# Functional way to create an array of numbers

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Category：Languages

How could I write the following code more functionally using ES6, without any 3rd party libraries?

``// sample pager array // * output up to 11 pages // * the current page in the middle, if page > 5 // * don't include pager < 1 or pager > lastPage // * Expected output using example: //     [9,10,11,12,13,14,15,16,17,18,19]  const page = 14 // by example const lastPage = 40 // by example const pagerPages = page => {   let newArray = []   for (let i = page - 5; i <= page + 5; i++) {     i >= 1 && i <= lastPage ? newArray.push(i) : null   }   return newArray } ``

I would like to avoid Array.push, and possibly the for loop, but I'm not sure how I would achieve it in this situation.

Functional programming isn't limited to `reduce`, `filter`, and `map`; it's about functions. This means we don't have to rely on perverse knowledge like `Array.from ({ length: x })` where an object with a `length` property can be treated like an array. This kind of behavior is bewildering for beginners and mental overhead for anyone else. It think you'll enjoy writing programs that encode your intentions more clearly.

`reduce` starts with 1 or more values and reduces to (usually) a single value. In this case, you actually want the reverse of a `reduce` (or `fold`), here called `unfold`. The difference is we start with a single value, and expand or unfold it into (usually) multiple values.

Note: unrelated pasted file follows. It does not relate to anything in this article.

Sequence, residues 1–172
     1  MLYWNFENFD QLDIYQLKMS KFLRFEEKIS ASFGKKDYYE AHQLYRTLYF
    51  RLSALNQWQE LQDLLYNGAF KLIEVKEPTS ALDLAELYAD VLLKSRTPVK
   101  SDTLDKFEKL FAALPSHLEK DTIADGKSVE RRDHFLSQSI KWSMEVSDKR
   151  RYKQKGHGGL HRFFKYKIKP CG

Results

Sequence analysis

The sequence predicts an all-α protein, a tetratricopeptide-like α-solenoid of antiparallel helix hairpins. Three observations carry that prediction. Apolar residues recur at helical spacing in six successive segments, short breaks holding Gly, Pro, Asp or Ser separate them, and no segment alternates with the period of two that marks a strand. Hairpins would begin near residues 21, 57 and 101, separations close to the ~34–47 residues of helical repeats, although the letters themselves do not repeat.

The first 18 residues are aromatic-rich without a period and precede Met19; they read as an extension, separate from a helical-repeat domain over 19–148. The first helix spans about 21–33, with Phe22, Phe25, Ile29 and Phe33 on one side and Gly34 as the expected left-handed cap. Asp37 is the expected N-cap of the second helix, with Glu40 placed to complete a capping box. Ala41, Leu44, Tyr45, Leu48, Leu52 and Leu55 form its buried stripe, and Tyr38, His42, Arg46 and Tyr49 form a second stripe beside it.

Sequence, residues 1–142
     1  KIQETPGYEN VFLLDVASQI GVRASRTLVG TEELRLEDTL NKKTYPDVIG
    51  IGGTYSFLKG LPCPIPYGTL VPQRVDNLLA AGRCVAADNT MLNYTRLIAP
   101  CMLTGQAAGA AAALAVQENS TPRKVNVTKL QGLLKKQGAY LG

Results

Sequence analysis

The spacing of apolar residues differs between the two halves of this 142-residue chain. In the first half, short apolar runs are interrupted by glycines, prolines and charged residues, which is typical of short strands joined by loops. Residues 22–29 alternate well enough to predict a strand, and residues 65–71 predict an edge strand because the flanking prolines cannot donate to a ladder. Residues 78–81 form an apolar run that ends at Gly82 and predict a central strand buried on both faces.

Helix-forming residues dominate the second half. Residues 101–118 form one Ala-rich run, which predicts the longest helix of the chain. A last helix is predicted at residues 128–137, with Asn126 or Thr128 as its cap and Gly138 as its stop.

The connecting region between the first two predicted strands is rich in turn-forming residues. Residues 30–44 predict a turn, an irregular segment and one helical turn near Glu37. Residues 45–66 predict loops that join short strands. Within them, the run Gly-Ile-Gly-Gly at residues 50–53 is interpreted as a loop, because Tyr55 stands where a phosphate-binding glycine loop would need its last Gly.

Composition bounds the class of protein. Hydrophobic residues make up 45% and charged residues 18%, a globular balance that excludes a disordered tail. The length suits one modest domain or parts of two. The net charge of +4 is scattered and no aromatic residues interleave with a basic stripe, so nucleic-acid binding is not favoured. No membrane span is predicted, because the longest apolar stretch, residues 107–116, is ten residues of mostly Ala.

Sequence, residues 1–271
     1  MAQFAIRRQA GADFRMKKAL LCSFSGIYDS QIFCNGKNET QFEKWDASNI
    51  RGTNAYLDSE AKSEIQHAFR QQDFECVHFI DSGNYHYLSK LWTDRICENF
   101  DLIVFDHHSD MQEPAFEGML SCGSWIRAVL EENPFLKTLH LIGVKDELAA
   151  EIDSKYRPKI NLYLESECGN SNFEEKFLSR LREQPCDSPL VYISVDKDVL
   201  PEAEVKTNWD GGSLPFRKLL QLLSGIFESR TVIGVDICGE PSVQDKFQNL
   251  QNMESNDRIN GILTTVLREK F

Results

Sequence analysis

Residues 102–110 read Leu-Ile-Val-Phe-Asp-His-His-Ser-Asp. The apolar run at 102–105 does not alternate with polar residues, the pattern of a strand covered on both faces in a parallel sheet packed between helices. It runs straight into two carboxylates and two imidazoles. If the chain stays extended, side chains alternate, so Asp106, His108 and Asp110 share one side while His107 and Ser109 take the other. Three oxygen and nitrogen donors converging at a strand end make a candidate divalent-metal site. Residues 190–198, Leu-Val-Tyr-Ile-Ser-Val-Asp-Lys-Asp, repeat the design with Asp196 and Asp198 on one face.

We start with a simplified example, `alphabet`. We begin unfolding with an initial value of `97`, the char code for the letter `a`. We stop unfolding when the char code exceeds `122`, the char code for the letter `z`.

``const unfold = (f, init) =>   f ( (x, next) => [ x, ...unfold (f, next) ]     , () => []     , init     )  const alphabet = () =>   unfold     ( (next, done, char) =>         char > 122           ? done ()           : next ( String.fromCharCode (char) // value to add to output                  , char + 1                   // next state                  )     , 97 // initial state     )      console.log (alphabet ()) // [ a, b, c, ..., x, y, z ]``

Now we write `pagination`. Here our initial state is compound data `[ page, count ]` instead of a single integer we used above. This demonstrates `unfold` can be used with any seed state, even arrays or objects.

Another advantage to this approach is that you can easily parameterize things like `10` or `- 5` or `+ 1` and there's a sensible, semantic structure to place them in.

``const unfold = (f, init) =>   f ( (x, next) => [ x, ...unfold (f, next) ]     , () => []     , init     )      const pagination = (totalPages, currentPage = 1) =>   unfold     ( (next, done, [ page, count ]) =>         page > totalPages           ? done ()           : count > 10             ? done ()             : next (page, [ page + 1, count + 1 ])     , [ Math.max (1, currentPage - 5), 0 ]     )  console.log (pagination (40, 1)) // [ 1, 2, 3, 4, 5, 6, 7, 8, 9, 10, 11 ]  console.log (pagination (40, 14)) // [ 9, 10, 11, 12, 13, 14, 15, 16, 17, 18, 19 ]  console.log (pagination (40, 38)) // [ 33, 34, 35, 36, 37, 38, 39, 40 ]  console.log (pagination (40, 40)) // [ 35, 36, 37, 38, 39, 40 ]``

Above, there are two conditions which result in a call to `done ()`. We can collapse these using `||` and the code reads a little nicer

``const pagination = (totalPages, currentPage = 1) =>   unfold     ( (next, done, [ page, count ]) =>         page > totalPages || count > 10           ? done ()           : next (page, [ page + 1, count + 1 ])     , [ Math.max (1, currentPage - 5), 0 ]     ) ``